Hip Flexor Contractures & LBP in Above-the-Knee Amputations
Patients with above-the-knee amputations (AK or AKA) are particularly prone to developing hip flexor contractures. Not to be confused with muscle tightness, contractures are a permanent shortening of tissues which cause deformity or distortion.
November, 2003, Vol. 03, Issue 11
CranioSacral Therapy Outlawed in Mississippi?
By Cliff Korn, BS, LMT, NCTMB and Rebecca J. Razo
Mississippi law governing massage therapy prohibits therapists from engaging in the "manipulation or adjustment of osseous tissue," and it appears that the Mississippi State Board of Massage Therapy (MSBMT) has lumped CranioSacral Therapy (CST) into this definition as a prohibited massage therapy practice.
Massage Today first learned of the situation from Mississippi therapist Brenda Eiland, NCTMB, RMT.Ms. Eiland, who studied Visionary CranioSacral work at the Milne Institute in Big Sur, Calif., was alarmed when she discovered that the Milne Institute application to become a Mississippi CEU provider was denied. A letter signed by MSBMT Executive Director Beverly Limbaugh to the institute stated that its program "does not meet the requirements for approval."1,2 Eiland subsequently contacted the MSBMT to find out if practicing CST in Mississippi was illegal.
"I didn't get a straight answer," she said. Instead, she received an e-mail from Limbaugh stating, "Our law does not permit the movement of osseous tissue" [emphasis ours].3 Unsatisfied with the response, Eiland contacted the Mississippi attorney general's office for a clearer explanation, wherein she received a response from Leyser Hayes, the special assistant attorney general representing the MSBMT. He stated: "Mississippi Law does not permit the movement of osseous tissue [CranioSacral Therapy has been defined by the board to involve this movement] ... Section 73-67-7 (h) Miss. Code Ann. (1972) as amended ... defines what massage means for purposes of the practice of same in Mississippi."4
Mississippi law §73-67-7(h) provides the following definition of massage:
Subsequent inquiries by Eiland and Massage Today to the MSBMT about the practice of CST were referred to the new Mississippi "Scope of Practice" rule, which was mailed to Mississippi therapists in September.
Generally, scope-of-practice statements outline permissible practices for legally operating massage therapists. Mississippi's scope of practice, however, only states what cannot be performed legally. The new scope of practice says:
Massage Today Editor Cliff Korn contacted the Mississippi Attorney General's Office and the executive director of the MSBMT: "Osseous tissue manipulation or adjustment are typically terms referring to chiropractic or osteopathic high-velocity, low-amplitude (HVLA) thrusts or techniques," Mr. Korn said in a letter. "Is it the interpretation of the board that 'manipulation or adjustment' is synonymous with 'movement'? I noticed in your listing of continuing education providers that all of John Barnes' myofascial release seminars were approved, and CranioSacral Therapy is an integral part of his teachings. Please ... confirm or deny the legality of a trained CranioSacral therapist to practice under the Mississippi Professional Massage Therapy Act," he added.7
In its response to Korn, the MSBMT stated the "Attorney general's office does not speak for the board of massage therapy. The Mississippi State Board of Massage Therapy speaks through its minutes." Again, Korn was referred to the Mississippi scope of practice rule.8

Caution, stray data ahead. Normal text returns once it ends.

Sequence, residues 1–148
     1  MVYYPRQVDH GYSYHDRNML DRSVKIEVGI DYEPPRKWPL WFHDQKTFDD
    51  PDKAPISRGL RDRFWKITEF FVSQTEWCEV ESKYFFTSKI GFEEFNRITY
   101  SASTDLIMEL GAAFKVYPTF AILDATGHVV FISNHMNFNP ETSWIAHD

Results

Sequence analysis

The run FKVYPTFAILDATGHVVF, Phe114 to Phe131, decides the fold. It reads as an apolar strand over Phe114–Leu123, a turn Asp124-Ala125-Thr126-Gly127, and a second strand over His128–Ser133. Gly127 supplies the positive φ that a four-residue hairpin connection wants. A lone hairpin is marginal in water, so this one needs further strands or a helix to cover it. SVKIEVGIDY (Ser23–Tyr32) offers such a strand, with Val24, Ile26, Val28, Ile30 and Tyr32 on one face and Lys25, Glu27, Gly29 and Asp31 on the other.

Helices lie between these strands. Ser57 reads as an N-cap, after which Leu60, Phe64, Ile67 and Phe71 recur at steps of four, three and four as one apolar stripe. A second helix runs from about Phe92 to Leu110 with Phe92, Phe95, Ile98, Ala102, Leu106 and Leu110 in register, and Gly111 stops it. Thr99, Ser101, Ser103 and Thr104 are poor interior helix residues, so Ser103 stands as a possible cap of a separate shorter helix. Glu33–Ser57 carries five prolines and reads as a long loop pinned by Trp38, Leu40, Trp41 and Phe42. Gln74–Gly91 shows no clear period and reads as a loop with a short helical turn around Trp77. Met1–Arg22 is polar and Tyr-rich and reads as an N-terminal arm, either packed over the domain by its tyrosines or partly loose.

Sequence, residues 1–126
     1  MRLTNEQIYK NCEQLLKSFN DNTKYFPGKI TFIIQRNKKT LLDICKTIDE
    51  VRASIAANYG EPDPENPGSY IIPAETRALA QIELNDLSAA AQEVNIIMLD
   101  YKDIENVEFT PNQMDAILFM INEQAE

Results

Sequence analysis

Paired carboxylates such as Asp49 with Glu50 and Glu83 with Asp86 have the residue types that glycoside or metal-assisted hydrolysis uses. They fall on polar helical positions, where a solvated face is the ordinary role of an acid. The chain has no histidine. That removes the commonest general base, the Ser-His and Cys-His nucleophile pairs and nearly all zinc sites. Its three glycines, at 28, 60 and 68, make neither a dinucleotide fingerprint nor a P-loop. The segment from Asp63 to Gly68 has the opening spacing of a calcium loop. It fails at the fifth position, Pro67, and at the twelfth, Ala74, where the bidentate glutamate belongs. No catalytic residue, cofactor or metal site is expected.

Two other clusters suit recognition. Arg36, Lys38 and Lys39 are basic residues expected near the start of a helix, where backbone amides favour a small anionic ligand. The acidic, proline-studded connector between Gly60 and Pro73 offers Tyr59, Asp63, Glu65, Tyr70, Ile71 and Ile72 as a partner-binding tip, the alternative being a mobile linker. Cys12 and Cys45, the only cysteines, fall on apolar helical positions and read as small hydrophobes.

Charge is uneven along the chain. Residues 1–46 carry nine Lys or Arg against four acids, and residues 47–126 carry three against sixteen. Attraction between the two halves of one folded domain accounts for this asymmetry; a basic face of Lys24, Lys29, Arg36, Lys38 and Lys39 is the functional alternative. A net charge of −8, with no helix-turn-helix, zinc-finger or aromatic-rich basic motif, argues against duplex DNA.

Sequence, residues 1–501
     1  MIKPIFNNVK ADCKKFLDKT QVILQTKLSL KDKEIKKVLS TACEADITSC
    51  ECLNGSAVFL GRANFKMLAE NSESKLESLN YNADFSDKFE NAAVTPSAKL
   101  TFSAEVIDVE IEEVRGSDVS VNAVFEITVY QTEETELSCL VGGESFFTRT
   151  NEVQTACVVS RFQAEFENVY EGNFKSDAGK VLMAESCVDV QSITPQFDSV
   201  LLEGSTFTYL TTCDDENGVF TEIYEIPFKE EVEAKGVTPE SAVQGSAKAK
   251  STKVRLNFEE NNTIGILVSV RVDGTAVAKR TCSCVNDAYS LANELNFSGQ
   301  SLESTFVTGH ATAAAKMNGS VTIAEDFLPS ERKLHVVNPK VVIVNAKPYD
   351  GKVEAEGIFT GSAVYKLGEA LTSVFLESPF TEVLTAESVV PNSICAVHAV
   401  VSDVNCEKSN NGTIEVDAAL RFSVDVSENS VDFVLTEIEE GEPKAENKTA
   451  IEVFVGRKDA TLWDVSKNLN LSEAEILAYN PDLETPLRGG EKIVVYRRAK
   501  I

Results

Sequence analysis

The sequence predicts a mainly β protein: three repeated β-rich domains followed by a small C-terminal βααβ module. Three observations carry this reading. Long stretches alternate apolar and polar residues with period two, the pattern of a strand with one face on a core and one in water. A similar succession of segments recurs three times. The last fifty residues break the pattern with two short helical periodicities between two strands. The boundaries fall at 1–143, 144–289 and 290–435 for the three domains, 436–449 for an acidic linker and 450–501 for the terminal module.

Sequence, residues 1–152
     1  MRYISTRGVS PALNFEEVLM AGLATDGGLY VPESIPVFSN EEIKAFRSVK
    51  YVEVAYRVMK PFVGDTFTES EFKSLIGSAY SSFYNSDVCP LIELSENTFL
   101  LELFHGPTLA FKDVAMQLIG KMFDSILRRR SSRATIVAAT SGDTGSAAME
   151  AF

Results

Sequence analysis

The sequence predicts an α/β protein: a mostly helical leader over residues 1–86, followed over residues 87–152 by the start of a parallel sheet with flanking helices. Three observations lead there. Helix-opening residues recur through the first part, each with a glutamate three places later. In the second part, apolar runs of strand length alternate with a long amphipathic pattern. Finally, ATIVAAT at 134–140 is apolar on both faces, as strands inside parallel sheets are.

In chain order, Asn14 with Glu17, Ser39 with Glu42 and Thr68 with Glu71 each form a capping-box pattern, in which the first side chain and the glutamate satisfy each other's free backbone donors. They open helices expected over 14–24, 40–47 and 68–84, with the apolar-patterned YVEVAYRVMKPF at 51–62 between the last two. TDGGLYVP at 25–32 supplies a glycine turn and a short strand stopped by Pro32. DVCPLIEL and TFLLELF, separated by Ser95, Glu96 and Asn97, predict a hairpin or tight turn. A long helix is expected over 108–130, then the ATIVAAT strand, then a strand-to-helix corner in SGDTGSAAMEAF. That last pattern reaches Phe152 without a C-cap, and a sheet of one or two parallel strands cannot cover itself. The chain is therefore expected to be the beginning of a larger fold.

In a final attempt at clarification, Massage Today asked the MSBMT if the attorney general's office was incorrect in stating that "movement" of osseous tissue is illegal.9 In a written response, MSBMT President Lynn Cox stated: "The board has not interpreted any particular modality as the manipulation or adjustment of osseous tissue, but rather, reiterated in its statement on scope of practice that any technique that manipulates or adjusts osseous tissue is in violation of the law that governs massage therapists, as well as laws that govern other professionals. If the board ruled that one couldn't do CranioSacral, the name would probably be changed to SacralCranio, wouldn't it? The law has not changed. Massage therapists in Mississippi are prevented from the manipulation or adjustment of osseous tissue, regardless of one's 'expert' training."10
But according to Eiland, Cox's statement is untrue: "They have indeed signaled out a modality, as proved by the e-mail from [Hayes] and a message for me [from Limbaugh, stating] 'you cannot practice CranioSacral work as a massage therapist in Mississippi.' "11
Still, the MSBMT has yet to define the terms "manipulation" or "adjustment." In a letter to the MSBMT, Dr. John Upledger, Massage Today columnist, stated, "CranioSacral Therapy does not incorporate any techniques that involve direct osseous manipulation, mobilization or adjustments. Instead, practitioners focus on releasing restrictions in the soft-tissue, fascia and musculature that surround and protect the brain and spinal cord. How can I be so sure? Because I developed CranioSacral Therapy and coined the name... ."12
Despite repeated requests, the fact remains that the MSBMT has continued to be vague in responding to questions related to the practice of CST in Mississippi. It remains unclear if the MSBMT is defining the terms "manipulation" and "adjustment" to mean HVLA thrusts - or something more. Look for updates of this situation in future issues of Massage Today.
Former editor of Massage Today, Cliff is owner of Windham Health Center Neuromuscular Therapy LLC. He is nationally certified in therapeutic massage & bodywork and is licensed as a massage therapist by the states of New Hampshire and Florida. Cliff is a member of the International Association of Healthcare Practitioners; a professional member and past president of the New Hampshire chapter of the American Massage Therapy Association; a certified member of the Associated Bodywork & Massage Professionals, Inc.; and a past chairman of the board of directors of the National Certification Board for Therapeutic Massage & Bodywork.